Norwegian mass killer Breivik ‘hasn’t reformed’
Anders Breivik, the anti-Muslim neo-Nazi who killed 77 people in Norway’s worst peacetime atrocity, shows no remorse, prosecutor tells parole hearing
Oslo — Norwegian mass murderer Anders Behring Breivik, who in 2011 killed 77 people and maimed dozens more, hasn’t reformed during his time in prison and should be kept behind bars, a state prosecutor told his parole hearing on Thursday.
“He has demonstrated no empathy or genuine regret,” Hulda Karlsdottir said in closing remarks at the end of three days in court. “He continues to glorify his role.”
Breivik, an anti-Muslim neo-Nazi, killed eight people with a car bomb in Oslo and then gunned down 69 more, most of them teenagers, in Norway’s worst peacetime atrocity.
Having earlier described the murders to the court, the prosecution on Thursday provided a detailed account of the cases of 33 survivors who were shot, many of whom were hit multiple times and permanently injured.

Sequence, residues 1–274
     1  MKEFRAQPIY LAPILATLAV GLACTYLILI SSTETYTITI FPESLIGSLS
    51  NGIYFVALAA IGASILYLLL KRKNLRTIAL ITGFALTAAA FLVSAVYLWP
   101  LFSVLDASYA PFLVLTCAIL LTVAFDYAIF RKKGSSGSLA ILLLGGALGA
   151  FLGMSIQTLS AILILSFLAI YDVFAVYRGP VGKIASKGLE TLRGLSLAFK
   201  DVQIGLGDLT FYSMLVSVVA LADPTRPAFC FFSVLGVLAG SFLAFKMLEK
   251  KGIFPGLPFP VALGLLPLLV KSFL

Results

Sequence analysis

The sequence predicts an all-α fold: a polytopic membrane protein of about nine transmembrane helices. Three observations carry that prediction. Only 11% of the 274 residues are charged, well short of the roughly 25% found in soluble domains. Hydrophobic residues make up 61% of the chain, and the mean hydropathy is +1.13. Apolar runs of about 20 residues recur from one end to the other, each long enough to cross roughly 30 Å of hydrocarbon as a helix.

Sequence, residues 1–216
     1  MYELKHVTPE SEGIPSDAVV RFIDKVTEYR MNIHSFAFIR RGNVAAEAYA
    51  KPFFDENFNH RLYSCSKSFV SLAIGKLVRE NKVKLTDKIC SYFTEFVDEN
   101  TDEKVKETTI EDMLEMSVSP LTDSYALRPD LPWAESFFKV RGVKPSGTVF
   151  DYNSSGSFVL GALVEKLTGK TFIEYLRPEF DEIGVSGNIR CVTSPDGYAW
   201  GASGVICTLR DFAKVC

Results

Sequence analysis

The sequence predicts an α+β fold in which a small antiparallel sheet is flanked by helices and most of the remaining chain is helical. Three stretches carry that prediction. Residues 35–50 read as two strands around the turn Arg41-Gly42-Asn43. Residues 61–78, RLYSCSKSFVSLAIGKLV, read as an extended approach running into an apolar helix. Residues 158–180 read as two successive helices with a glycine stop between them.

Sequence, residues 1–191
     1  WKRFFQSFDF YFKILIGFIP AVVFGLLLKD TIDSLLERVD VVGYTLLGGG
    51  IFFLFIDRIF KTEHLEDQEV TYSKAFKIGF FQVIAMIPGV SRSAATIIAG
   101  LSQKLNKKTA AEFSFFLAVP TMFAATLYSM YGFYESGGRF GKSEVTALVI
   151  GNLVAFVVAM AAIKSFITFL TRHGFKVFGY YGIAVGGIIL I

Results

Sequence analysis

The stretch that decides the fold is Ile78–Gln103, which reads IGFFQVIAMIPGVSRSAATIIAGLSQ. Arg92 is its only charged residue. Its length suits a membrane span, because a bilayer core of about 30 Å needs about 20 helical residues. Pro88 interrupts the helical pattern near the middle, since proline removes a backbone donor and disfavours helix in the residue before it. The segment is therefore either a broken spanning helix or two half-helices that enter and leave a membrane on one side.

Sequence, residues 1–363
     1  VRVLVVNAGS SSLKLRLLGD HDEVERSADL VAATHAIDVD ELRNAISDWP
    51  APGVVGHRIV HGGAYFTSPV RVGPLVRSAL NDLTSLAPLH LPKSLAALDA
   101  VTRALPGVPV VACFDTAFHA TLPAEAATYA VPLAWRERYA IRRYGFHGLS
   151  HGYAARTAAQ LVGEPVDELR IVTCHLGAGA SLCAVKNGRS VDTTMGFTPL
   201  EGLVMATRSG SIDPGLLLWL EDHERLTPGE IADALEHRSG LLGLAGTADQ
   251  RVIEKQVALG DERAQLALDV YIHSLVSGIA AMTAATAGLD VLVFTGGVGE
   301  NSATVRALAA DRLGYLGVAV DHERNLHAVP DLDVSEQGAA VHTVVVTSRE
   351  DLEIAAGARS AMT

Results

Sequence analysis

Breivik’s assurances that he will no longer commit violence are simply not credible, Karlsdottir said.
“This is a PR stunt,” she said, noting that at the start of the hearing on Tuesday Breivik gave a straight-arm Nazi salute as he entered the courtroom.
Breivik, 42, is serving Norway’s maximum sentence of 21 years, which can be extended indefinitely if he is deemed a continued threat to society. He is entitled to apply for parole, and said he hopes to be released eventually.
“I’m convinced I will be, and that I won’t die in prison,” he said after the court was adjourned on Wednesday. “I think I'll be released some time between 2032 and 2070.”
By the end of 2070, Breivik would be 91 years old.
A prison service psychiatrist testified on Wednesday that Breivik's capacity for violent acts was undiminished.
Also on Wednesday, a prison official told the court that Breivik had gone on a hunger strike in 2018 and smeared a swastika made from excrement on the wall of his cell.
But like all other prisoners in Norway, Breivik has the legal right to seek release, and the correctional service is obliged under the law to see this as an eventual goal, his lawyer Oeystein Storrvik said.
“There is a duty to point towards life in freedom,” he said.
In his testimony on Tuesday, Breivik blamed online radicalisation by far-right extremists for his crimes, saying he had been “brainwashed” into carrying out the attacks.
Breivik also said he would keeping fighting for white supremacy and national socialist dominance via peaceful means.
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